ASPARAGUS WITH GUNPOWDER MASALA

Impossible to ignore the Indian vibes in our kitchen lately. Of all cuisines, I believe that is the one bringing the most out of veggies. This recipe will blow your mind, and I am certain of it. The gunpowder masala is nutty, with the perfect level of heat and complex mixture of flavors. As my friend Joanne said in her blog post, it will be good on pretty much anything. I urge you to make it, even if finding curry leaves could be a bit tricky.

BLISTERED ASPARAGUS WITH GUNPOWDER MASALA
(from Joanne’s blog Eats well with Others)

for the Masala:
100 g raw cashews
35 g raw pepitas
30 g dried red chilies de arbol (or to taste)
20-25 fresh curry leaves (I used 10 dried leaves)
2 tbsp white or black sesame seeds (I used a mixture)
½ tsp asafetida

for the asparagus:
4 tbsp olive oil
1 lb asparagus, woody ends trimmed
1 tbsp fresh lime juice
sea salt flakes
1-2 tbsp gunpowder masala (or to taste)

Make the masala: Heat a small skillet over medium heat. Once it is hot, add the cashews, pepitas, dried chilies, curry leaves, and sesame seeds. Toast them, stirring occasionally, until the seeds are starting to brown. Transfer to a bowl and cool to room temperature. Once cool, grind in a food processor or blender along with the asafetida to a coarse powder. Pour into an airtight container and store in the refrigerator.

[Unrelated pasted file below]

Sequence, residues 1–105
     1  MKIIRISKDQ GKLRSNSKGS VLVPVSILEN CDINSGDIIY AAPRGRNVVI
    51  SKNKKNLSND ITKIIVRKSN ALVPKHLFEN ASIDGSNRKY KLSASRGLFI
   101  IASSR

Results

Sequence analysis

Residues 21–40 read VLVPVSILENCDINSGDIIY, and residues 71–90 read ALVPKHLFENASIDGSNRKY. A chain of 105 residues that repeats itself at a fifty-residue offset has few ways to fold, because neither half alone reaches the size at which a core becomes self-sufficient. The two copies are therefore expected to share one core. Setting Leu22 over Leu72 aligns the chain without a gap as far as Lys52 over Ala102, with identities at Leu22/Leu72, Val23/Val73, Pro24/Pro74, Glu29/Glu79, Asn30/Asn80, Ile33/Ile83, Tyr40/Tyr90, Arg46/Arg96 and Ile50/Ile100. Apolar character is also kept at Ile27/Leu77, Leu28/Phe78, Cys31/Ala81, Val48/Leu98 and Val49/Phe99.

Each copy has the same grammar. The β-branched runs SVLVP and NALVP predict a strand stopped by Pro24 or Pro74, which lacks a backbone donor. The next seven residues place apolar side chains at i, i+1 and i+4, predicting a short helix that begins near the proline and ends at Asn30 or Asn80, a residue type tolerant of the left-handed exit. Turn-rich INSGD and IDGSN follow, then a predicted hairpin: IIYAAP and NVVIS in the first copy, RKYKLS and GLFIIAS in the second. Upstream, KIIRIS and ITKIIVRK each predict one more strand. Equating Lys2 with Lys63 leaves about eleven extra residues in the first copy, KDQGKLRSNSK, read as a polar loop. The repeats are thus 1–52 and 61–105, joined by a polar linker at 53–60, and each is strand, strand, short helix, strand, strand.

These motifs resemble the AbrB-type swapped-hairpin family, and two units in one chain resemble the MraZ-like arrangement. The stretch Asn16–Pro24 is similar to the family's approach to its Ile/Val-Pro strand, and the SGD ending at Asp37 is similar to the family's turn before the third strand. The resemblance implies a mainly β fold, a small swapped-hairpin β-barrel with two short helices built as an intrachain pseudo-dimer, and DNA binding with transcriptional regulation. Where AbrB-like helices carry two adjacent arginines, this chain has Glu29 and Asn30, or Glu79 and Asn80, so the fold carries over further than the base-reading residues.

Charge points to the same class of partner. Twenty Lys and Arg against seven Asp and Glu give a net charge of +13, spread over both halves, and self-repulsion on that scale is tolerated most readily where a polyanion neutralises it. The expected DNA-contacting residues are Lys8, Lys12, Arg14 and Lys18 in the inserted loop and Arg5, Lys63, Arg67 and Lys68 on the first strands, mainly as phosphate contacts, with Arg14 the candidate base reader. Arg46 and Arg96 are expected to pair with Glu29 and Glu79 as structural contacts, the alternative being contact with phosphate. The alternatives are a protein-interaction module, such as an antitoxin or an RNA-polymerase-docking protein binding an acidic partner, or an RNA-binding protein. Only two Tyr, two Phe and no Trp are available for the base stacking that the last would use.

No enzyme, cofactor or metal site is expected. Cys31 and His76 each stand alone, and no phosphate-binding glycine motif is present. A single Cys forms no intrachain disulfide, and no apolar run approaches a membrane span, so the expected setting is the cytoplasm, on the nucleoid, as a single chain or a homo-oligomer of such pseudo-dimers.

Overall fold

Make the asparagus: Heat a cast iron skillet or grill pan over medium-high heat. In a large bowl or on a sheet pan, toss the asparagus with 1 tbsp of the olive oil. Add the asparagus to the pan and cook for 5-6 minutes, turning occasionally, until blistered on at least 2 sides. Transfer the cooked asparagus to a serving platter. Drizzle with the remaining olive oil and lime juice. Sprinkle with the salt flakes and gunpowder masala. Serve immediately, and swoon!

ENJOY!

to print the recipe, click here

Comments: The other day I was part of a conversation about food blogging and how tiring it is the over-use of certain adjectives to describe a dish. Life-changing, fantastic, mind-blowing (guilty as charged)… So let’s stop going there. This is a great masala that I can see being paired with many veggies and even animal protein. I envision a beautiful piece of salmon, grilled to perfection and topped with this crunchy concoction, with a nice squeeze of lemon juice. It does need a bit of moisture to shine, so that final drizzle of oil and citric juice is a must.

If you cannot find curry leaves, I’d say make it without. It does have enough going on, and it will still be mighty tasty. The recipe makes more than you’ll need, so keep it in the fridge and find new uses for it. Just yesterday I paired it with sweet potatoes and garbanzo beans, drizzled with a tahini-yogurt sauce.